The solar efficiency improvement parade marches on. The latest record-buster comes from UCLA, where researchers reported that incorporating a new infrared-absorbing polymer material has boosted the efficiency of an already high-functioning tandem solar cell to 10.6 percent.
The solar efficiency of a photovoltaic (PV) cell indicates how much of the light hitting it is converted to power. Measurements are verified and tracked by the National Renewable Energy Lab (NREL) in several categories and subcategories depending on the architecture of and materials used in the cell. As you can see on the NREL’s “Best Research-Cell Efficiencies” chart, the UCLA cell comes in at less than half the efficiency of the best crystalline silicon cells. However, organic polymers have the great advantage of being cheaper to produce at high volumes. Plus, they’re light and flexible, giving them a great range of possible applications.
The UCLA work was led by Yang Yang, a professor of materials science and engineering at the university, and published online in the journal Nature Photonics. The infrared-absorbing polymer material came from Sumitomo Chemical of Japan, which is why this new record appears on the NREL chart as “UCLA-Sumitomo Chemical.”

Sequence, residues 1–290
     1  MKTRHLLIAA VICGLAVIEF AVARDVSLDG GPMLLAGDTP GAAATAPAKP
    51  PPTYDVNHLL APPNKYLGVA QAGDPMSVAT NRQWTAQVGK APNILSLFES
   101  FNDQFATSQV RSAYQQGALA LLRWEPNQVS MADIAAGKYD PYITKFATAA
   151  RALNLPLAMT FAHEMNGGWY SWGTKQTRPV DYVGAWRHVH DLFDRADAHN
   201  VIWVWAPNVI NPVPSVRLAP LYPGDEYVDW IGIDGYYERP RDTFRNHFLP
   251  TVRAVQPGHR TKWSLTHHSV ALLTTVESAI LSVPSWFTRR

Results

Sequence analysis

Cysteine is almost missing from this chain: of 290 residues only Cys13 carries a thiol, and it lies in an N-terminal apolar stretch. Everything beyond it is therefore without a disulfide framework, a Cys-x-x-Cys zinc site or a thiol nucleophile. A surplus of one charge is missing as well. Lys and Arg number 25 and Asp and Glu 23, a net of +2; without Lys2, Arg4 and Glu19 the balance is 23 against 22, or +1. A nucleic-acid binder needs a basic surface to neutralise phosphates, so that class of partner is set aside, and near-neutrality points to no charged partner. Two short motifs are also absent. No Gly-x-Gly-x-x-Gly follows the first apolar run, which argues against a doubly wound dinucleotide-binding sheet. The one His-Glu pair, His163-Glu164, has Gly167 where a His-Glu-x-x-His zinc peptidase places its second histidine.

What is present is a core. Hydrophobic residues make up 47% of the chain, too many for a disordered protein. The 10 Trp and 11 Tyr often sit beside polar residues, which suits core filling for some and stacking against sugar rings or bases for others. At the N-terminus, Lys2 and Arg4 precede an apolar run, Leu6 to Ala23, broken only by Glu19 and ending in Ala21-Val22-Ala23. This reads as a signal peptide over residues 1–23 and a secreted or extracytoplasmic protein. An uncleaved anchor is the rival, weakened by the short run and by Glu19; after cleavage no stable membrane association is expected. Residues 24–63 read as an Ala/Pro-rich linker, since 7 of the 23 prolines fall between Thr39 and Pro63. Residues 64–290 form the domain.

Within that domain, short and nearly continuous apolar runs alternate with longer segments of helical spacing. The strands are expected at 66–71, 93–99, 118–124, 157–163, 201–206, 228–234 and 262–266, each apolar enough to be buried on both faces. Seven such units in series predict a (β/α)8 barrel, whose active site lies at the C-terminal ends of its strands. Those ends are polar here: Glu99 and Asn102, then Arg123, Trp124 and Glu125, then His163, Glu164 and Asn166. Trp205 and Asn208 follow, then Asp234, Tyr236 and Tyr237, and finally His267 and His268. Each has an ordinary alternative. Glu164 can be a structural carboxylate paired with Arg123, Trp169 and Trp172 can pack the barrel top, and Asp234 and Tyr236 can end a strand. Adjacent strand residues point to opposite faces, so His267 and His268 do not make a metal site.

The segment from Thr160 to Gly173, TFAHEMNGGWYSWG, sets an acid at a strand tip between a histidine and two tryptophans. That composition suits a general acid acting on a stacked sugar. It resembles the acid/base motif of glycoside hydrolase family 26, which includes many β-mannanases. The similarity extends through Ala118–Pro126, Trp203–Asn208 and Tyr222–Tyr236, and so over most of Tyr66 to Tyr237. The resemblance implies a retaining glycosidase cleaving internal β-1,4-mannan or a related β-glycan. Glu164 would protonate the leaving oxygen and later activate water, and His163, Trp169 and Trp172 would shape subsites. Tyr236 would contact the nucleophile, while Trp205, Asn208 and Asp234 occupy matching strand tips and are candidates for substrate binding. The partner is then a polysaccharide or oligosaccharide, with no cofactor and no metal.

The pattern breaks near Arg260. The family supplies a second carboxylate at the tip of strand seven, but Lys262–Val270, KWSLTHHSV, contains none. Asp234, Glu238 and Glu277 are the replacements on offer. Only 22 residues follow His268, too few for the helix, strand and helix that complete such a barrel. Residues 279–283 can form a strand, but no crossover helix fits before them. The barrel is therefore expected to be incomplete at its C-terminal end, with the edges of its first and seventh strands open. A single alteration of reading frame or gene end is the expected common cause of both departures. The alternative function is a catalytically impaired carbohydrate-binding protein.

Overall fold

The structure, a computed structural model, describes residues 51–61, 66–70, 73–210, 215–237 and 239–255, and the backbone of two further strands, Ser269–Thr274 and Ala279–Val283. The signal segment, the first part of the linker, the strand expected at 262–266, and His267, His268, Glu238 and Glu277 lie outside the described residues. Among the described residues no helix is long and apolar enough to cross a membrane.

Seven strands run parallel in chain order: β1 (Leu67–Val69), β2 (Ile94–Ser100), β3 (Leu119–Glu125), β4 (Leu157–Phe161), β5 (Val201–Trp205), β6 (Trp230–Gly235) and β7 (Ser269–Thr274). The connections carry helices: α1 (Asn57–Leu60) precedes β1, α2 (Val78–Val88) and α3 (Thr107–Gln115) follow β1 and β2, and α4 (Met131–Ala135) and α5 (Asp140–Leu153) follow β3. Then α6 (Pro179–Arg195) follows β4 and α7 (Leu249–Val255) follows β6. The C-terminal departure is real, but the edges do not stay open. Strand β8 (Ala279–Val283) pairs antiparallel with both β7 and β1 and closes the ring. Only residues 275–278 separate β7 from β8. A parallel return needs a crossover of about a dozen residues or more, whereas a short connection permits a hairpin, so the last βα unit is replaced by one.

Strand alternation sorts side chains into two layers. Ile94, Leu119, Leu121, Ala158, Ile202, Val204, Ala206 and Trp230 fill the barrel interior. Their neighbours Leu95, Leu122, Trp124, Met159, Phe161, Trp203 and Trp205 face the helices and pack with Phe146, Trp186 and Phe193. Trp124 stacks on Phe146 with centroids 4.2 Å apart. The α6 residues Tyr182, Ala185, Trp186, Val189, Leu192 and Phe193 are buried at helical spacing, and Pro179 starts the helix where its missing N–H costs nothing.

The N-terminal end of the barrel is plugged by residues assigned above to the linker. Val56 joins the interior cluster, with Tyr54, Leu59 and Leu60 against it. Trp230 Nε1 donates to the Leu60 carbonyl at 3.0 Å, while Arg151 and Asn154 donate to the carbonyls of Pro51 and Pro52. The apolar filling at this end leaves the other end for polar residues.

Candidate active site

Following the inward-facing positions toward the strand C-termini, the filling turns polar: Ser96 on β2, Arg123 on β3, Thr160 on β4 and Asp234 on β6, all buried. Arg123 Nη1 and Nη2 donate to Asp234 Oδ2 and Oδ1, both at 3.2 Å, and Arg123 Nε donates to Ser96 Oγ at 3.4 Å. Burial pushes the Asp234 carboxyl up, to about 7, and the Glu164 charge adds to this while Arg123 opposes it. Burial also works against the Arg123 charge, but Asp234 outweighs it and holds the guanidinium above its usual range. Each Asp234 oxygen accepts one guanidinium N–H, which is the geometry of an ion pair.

In their paper, the Yang team report enhancing the performance of polymer solar cells by building a device with what’s called a tandem structure, where multiple cells are combined with different absorption bands. More absorption tends to equal more power, but tandem cells have their own challenge that’s held them back a bit: the materials used need to be compatible with each other in order to do the capture-and-convert dance.
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